US 3973463 A
Delayed vibrato and burble circuit in which a single gate between a free running modulating signal oscillator and a master voltage controlled oscillator selectively controls both functions in response to control signals from a keyboard which are processed by parallel time constant circuits.
1. In combination in an electronic musical instrument:
a plurality of selectively actuable control elements for controlling the sounding of musical notes;
detector means for detecting a selected condition of said control elements to produce a control signal;
means for producing musical tone signals including at least one voltage controlled oscillator;
oscillator means for producing electrical signals for modulating said voltage controlled oscillator;
a single gate circuit for controlling the application of said modulating electrical signals to said voltage controlled oscillator; and
time constant circuit means coupled to said gate circuit and said detector means comprising a first time constant means responsive to said control signal to operate said gate only during an initial time interval to produce a musical effect called burble, a second time constant means responsive to said control signal to operate said gate only after a preselected time interval to produce a musical effect called delayed vibrato, and means for selecting one of said time constant circuits to be operative during any particular time interval.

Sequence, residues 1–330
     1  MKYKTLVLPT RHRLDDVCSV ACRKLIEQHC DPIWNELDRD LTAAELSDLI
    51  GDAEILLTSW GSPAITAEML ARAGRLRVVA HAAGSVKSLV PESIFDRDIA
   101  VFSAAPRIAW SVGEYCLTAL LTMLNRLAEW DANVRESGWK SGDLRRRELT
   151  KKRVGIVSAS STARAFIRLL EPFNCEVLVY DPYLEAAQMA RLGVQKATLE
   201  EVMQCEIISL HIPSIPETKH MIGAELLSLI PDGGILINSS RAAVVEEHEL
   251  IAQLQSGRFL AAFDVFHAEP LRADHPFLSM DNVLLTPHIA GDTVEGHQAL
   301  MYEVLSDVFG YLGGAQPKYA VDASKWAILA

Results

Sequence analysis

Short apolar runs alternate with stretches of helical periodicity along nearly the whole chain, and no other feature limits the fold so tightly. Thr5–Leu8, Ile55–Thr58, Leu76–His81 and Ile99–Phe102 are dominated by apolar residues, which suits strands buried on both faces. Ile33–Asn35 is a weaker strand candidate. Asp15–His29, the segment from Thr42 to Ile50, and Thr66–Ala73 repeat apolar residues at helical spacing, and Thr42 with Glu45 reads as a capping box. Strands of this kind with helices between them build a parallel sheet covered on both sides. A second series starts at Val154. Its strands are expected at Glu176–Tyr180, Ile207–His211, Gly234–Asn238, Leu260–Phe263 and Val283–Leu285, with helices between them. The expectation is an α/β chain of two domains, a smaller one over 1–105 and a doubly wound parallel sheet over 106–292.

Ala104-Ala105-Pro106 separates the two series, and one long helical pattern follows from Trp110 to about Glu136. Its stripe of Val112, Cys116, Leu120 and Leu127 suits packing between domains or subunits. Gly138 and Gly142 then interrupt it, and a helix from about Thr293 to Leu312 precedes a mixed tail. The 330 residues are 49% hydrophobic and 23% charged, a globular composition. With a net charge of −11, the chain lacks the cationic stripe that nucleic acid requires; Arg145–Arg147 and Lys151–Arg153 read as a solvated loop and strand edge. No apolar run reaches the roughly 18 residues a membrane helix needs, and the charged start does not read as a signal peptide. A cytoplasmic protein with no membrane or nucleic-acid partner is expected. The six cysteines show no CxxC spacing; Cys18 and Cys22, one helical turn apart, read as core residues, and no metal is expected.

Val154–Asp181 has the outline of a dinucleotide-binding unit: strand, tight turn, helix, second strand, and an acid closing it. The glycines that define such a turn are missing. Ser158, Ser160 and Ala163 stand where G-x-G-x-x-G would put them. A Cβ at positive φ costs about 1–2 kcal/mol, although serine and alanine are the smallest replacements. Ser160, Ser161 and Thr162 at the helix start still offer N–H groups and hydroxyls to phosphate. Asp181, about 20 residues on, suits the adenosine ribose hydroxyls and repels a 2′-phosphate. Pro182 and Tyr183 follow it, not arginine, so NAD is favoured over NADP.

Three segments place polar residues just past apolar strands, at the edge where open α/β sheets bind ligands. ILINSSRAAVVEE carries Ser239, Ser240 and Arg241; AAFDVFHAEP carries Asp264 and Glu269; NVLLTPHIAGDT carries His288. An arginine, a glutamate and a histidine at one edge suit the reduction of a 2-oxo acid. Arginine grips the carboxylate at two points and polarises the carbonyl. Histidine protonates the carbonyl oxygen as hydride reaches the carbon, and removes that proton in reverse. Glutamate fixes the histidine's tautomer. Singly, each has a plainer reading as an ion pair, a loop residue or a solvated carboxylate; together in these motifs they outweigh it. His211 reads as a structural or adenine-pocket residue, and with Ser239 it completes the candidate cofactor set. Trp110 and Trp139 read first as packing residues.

2. The combination as claimed in claim 1, wherein said detector means produces said control signal whenever any of said control elements is actuated; said oscillator means is a free running oscillator; and said single gate circuit is coupled between said free running oscillator and said voltage controlled oscillator.
3. The combination as claimed in claim 2, wherein said single gate circuit comprises a transistor gate connected in shunt between the output of said free running oscillator and a gate bias circuit for biasing said transistor gate in a normally off condition ground; and said time constant circuit means further comprises:
a differentiating circuit for producing an output pulse in response to each new control signal; and
a differential transistor driving circuit for producing a negative-going signal on a first output lead and a positive-going signal on a second output lead in response to each said output pulse;
said first time constant means comprising a bias circuit effective to overcome said gate bias circuit and turn on said transistor gate to shunt said modulating electrical signal to ground, and a first time constant circuit responsive to one of said positive-going and negative-going signals to overcome said first bias circuit and turn off said transistor gate for a short interval to permit said modulating electrical signal to pass;